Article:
It is crucial to understand that this is not just another “peace statement” among others, nor a passivist manifesto. Indeed, the document cannot be properly understood in isolation from its context: a new vision of civilization in which organized violence is no longer tolerated. It is only if we can dream of such a world, such a vision for generations yet to come, that it can become a reality, rather than yet another failed utopian scheme. The interdependence of economies, cultures, and religions, fortified by the technological advance of instantaneous communications, not to mention the dynamism of evolving societies in the matrix of world history, itself, make this particular dream a genuine possibility. It is a possibility simply waiting to be realized by our own collective efforts.

The Universal Declaration constitutes a creative leap into the future --into the third millennium -- and is a conscious effort at civilization-building. It tries to formulate what is one of the most authentic desires of us all: a permanent condition of global peace. This document is not the end of the process; it is really only the beginning because such a new global culture will not only be predicated on nonviolence and so on peace, but also on the precious values of love, compassion, kindness, sharing, and spirituality etc. At the core of its self-understanding. Its self-understanding will give expression to a more ultimate notion of justice, a justice truly grounded in concern and charity. This new civilization, furthermore, would be firmly established on a profound sense of the sacredness of Nature with all its wonderfully diversity of life-forms, and a permanent, unwavering commitment to ecological justice.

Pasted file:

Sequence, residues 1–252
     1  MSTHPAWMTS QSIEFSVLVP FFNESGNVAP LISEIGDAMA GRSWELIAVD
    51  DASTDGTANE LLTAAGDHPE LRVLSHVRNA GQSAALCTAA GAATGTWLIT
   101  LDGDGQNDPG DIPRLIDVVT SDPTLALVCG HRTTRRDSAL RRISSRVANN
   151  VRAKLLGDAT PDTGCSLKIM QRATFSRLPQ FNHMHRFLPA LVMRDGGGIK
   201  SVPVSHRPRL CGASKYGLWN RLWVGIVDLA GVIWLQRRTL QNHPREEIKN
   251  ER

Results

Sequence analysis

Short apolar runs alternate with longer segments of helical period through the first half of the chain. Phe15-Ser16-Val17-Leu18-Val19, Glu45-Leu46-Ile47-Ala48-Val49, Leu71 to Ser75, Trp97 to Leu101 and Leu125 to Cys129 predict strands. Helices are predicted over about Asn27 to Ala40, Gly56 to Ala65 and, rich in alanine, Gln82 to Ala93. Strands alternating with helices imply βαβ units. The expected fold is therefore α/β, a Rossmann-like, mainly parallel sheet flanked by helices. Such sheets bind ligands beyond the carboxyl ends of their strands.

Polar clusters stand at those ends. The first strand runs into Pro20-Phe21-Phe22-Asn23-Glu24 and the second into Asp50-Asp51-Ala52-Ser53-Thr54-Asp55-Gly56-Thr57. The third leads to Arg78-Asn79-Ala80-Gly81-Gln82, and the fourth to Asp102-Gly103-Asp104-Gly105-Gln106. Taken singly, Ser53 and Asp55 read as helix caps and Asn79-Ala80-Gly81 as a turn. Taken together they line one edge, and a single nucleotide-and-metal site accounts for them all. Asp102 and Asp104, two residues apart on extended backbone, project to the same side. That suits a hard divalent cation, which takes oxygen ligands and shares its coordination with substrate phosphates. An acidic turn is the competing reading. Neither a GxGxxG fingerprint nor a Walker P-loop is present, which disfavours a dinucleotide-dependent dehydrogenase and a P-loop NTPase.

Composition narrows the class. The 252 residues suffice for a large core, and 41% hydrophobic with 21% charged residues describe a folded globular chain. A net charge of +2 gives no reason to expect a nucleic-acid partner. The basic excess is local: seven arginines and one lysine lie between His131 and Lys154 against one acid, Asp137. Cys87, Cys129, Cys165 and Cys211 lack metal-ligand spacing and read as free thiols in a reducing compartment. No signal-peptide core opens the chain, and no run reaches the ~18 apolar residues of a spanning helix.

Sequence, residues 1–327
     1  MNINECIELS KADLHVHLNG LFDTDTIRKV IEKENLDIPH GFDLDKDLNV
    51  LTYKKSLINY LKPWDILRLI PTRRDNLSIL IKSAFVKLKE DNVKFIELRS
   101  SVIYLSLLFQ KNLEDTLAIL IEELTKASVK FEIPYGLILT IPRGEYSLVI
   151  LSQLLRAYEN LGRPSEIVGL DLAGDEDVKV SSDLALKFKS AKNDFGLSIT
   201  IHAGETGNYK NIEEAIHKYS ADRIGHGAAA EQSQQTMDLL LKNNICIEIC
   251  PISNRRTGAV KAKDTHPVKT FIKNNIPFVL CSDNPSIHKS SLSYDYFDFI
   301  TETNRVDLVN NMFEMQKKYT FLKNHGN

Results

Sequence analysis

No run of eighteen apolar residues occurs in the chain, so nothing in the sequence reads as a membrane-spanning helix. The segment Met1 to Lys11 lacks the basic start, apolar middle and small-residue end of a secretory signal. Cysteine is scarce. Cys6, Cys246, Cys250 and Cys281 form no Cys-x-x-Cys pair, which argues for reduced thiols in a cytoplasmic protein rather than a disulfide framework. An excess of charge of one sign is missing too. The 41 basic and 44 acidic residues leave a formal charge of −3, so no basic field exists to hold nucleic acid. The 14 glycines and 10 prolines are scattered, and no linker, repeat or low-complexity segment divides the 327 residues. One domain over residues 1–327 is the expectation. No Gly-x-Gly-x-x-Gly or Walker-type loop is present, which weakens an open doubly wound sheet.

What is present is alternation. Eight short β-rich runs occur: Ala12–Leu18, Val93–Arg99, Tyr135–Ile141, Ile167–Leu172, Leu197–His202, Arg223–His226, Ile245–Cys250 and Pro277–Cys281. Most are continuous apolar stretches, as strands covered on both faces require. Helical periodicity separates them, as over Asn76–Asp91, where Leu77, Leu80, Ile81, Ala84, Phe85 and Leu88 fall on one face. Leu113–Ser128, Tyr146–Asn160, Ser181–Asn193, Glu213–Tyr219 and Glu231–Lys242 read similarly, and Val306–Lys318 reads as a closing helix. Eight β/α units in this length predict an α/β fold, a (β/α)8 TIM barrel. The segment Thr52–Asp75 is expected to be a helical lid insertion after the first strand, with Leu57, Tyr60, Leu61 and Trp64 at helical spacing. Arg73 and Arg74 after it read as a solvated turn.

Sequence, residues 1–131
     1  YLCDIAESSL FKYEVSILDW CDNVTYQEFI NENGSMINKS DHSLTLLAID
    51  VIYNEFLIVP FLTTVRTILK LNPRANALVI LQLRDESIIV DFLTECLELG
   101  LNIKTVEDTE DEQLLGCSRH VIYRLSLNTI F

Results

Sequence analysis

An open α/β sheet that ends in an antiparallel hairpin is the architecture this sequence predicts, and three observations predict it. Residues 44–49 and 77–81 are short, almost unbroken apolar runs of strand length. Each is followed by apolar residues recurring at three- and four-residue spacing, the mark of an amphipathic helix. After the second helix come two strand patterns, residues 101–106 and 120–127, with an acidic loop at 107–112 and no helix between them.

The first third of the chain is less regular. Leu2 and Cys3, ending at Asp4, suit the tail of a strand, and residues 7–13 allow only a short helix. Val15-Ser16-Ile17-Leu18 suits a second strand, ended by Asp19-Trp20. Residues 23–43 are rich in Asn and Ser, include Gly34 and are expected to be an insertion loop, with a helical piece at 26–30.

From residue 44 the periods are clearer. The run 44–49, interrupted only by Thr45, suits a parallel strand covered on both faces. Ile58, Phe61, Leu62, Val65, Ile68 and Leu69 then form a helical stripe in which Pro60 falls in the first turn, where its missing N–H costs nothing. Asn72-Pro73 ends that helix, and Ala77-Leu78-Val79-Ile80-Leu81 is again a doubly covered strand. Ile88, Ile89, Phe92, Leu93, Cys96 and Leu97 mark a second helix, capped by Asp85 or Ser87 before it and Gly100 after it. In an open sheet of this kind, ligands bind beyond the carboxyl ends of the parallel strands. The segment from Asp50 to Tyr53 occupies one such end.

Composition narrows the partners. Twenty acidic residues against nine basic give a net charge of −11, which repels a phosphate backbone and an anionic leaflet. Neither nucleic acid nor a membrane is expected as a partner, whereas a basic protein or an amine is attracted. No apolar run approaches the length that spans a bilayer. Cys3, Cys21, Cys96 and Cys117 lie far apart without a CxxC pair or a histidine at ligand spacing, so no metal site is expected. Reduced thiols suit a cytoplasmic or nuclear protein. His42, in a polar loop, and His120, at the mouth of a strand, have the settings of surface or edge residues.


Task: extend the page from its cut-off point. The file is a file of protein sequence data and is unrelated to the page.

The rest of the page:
As St. Augustine saw in his own time, peace is ultimately “the tranquility of order”, the divine order that exists not simply in this universe but also between created being and the Divine Reality itself. Harmony is a defining characteristic of this order and this intuition of peace. Nonviolence, in its highest sense, is an acknowledgement of this order, of that reality of harmony with the Divine, as well as between and among individuals, groups, religions, cultures, and nations. Nonviolence, or ahimsa in the Indian tradition is, in its most mature or evolved form, Love. Love is not only the basis of this vision of a new world order, it is also the very essence of peace as the tranquility of order. It is, after all, the very heart of that order, what indeed animates it: the Divine Mystery itself as the actuality of infinite Love , the primordial, eternal energy of the Godhead circulating within itself, within each of us, and within the entire cosmos.